keskiviikko 10. heinäkuuta 2013

The Last of Us: Lost in it's own game

Yay, first update about a game! I'm here to talk again about the things people have missed, but this time, sadly, they are negative ones. Nitpickery incoming...

Surprisingly Complex: The Last of Us

Just to get it out there, The Last of Us is a phenomenal game. It's exceptional in it's storytelling, truly. It brings character depth very rarely seen into an action game. And there the problems start. Action game.

The Last of Us, otherwise damn intuitive, well-written and executed, but there's a problem. It lingers in my mind, and it hasn't gone anywhere. Bottom line is that while The Last of Us' action is by far better done than of almost any other game of the 3rd person shooter genre, there is too much.

20 long goddamn years...
The Last of Us tells us about a world that has gone to ruin 20 years ago, but while it certainly looks like it, it doesn't feel like it. There is simply not enough silence. More silent, simple navigation through the wastes would have made this game SO MUCH, SO MUCH better. Put some food scavenging in there, dammit! The general theme of the game is survival in the general sense, but the most survival you get most of the time is how many bullets you've got left, because you know there will be more clickers or bandits or whatever. There always will.

Like how the army was right in your ass until and little after capitol building? Why? There's no reason for them to be there. Judging from the dead Fireflies, a squad had been there not too long ago. And if they followed them, why the hell would they follow three stragglers with a full team of soldiers? It doesn't make sense. The enemies are there for the sake of the enemies being there and giving us something to shoot, most of the time.

Apocalypse, 20 years later. But there's still so fucking much people out in the wastes out to get you. It's survival to the fittest out there, and if someone spots you, they usually want to spot you again, pointing you with a gun and a trigger-happy mindset. It disturbs me. Even though you'd think only the crooks would go outside, if it was so, my adventure through America's lands was littered with them. They were everywhere, and I often hoped (Especially in the power plant), that there wouldn't be a random raid when you came in. Of course there was. Always. It annoyed me greatly. I wanted to go see the carefully hand-crafted world and characters, not the same fucking thugs once again. I again emphasize, I loved the combat, but there was too much of it, and almost no time for everything else, like, I don't know, survival? Actual scavenging mechanics and gathering food would've made the world feel more alive.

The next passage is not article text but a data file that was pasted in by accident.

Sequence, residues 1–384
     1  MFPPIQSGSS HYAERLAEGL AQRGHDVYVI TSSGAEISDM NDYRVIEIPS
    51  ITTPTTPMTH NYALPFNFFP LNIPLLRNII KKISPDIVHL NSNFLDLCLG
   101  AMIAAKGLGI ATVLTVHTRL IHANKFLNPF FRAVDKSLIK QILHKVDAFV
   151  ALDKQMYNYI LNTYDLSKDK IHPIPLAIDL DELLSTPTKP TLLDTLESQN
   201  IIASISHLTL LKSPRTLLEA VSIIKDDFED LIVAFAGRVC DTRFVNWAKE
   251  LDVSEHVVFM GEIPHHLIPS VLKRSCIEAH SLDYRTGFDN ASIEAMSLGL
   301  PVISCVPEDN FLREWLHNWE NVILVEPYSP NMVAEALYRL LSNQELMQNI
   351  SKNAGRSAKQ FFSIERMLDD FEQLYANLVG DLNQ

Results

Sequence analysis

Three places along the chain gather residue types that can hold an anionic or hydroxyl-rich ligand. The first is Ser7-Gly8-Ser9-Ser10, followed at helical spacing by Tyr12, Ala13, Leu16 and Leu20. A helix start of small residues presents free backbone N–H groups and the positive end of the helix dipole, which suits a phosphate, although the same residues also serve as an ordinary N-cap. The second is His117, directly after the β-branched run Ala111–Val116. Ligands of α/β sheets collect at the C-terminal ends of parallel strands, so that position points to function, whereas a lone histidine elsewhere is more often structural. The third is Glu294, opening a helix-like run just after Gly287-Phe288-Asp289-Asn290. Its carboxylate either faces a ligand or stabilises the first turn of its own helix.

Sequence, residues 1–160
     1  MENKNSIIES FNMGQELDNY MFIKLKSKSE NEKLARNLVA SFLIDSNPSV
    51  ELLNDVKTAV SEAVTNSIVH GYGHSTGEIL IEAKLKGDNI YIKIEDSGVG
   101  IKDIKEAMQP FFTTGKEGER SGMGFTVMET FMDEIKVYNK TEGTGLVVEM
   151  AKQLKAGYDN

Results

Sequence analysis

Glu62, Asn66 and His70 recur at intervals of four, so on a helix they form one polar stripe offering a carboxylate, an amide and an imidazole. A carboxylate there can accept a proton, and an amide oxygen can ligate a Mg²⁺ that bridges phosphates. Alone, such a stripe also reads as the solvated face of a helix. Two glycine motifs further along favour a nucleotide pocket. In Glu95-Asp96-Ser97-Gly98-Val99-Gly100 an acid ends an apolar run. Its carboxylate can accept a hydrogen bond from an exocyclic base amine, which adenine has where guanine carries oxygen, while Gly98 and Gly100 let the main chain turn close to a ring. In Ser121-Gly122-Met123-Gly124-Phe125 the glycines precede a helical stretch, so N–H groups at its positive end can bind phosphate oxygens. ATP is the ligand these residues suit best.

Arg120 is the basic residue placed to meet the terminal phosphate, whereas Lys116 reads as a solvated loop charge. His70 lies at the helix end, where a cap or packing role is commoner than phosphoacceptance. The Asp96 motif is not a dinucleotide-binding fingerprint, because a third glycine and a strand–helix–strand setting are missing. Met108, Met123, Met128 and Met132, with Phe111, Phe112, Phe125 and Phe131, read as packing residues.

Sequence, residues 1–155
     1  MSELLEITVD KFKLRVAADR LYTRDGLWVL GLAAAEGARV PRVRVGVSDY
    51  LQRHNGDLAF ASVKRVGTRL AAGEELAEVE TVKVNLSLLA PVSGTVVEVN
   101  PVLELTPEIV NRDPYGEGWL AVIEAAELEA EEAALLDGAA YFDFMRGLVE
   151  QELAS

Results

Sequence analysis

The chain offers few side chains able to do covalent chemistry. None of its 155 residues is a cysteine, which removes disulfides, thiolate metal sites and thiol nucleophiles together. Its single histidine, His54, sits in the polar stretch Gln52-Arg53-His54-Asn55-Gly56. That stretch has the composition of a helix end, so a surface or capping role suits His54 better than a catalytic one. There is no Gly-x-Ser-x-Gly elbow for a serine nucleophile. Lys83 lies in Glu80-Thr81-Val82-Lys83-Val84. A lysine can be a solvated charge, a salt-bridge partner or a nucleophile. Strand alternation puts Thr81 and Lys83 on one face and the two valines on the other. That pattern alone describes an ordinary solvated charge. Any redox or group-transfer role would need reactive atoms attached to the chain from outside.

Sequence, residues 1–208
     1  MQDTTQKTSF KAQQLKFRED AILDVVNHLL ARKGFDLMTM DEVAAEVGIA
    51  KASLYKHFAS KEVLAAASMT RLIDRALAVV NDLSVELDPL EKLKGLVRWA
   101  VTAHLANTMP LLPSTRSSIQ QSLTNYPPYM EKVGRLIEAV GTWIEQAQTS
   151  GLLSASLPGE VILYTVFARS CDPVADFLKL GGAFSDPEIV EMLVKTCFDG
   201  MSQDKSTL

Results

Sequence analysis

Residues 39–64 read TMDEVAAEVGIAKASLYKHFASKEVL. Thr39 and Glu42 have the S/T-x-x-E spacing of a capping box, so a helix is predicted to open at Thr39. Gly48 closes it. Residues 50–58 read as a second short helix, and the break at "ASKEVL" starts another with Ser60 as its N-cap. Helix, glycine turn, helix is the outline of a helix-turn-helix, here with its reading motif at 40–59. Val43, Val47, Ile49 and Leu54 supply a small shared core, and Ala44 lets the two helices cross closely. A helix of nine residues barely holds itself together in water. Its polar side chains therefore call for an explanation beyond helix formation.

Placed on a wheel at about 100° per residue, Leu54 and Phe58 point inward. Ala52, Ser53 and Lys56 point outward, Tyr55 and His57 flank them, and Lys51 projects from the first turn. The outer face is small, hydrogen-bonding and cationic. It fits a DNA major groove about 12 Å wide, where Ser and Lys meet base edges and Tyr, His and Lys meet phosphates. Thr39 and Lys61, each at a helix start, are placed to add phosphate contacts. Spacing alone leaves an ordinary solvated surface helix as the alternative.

Just... How?

There's a reason why I say this. Most most of the people should be infected by now... And the infected should be dead too, for they would have nothing to feed on. Meaning that the streets should be pretty empty, not filled with all kinds of criminals and soldiers and mushroomheads. Long time infected? Long time DEAD. The silence fits the game better than action. It would've also made the action more exhilarating, as you wouldn't have already killed so many enemies that you instinctively pull headshots on everyone and know immediately when you can grab them.

Other thing I want to talk about, is loot drops by enemies. When they drop ammo, why do they almost never drop the right kind of ammo (As in the weapon they used), and usually nothing at all? I saw the goddamn guy pointing at me with a shotgun, ready to shoot, and he doesn't drop any ammo, and if he does, it's for the revolver? Doesn't make sense, as I think they were shooting at me for real, not just pointing with a toy. From their shooting habits, I would say definitely, that every one of them have at least 10 rounds with them. But then I kill them, and get no ammo at all. The enemy AI doesn't make every shot count, which is kind of immersion breaking.

They were this close to nailing it...
The game is too good for it's own benefit... These things, were it ANY other game, I would've missed. But not this time. When you near perfection, the little flaws shine through damn brightly. Bioshock Infinite had the exactly same problem, and it was one of the two best games I've played this year. I hope it doesn't surprise you that the other is The Last of Us. I hope that game developers and publishers realize that the two best games of 2013 so far have both fallen on their asses because of too much action.

Remember, no matter how much I've ranted about these little things, they indicate how much I care. Any other game, and I would've given jack shit (Except Bioshock Infinite). But with this game, it just needed to get out there. If you can get this game somehow, GET IT.

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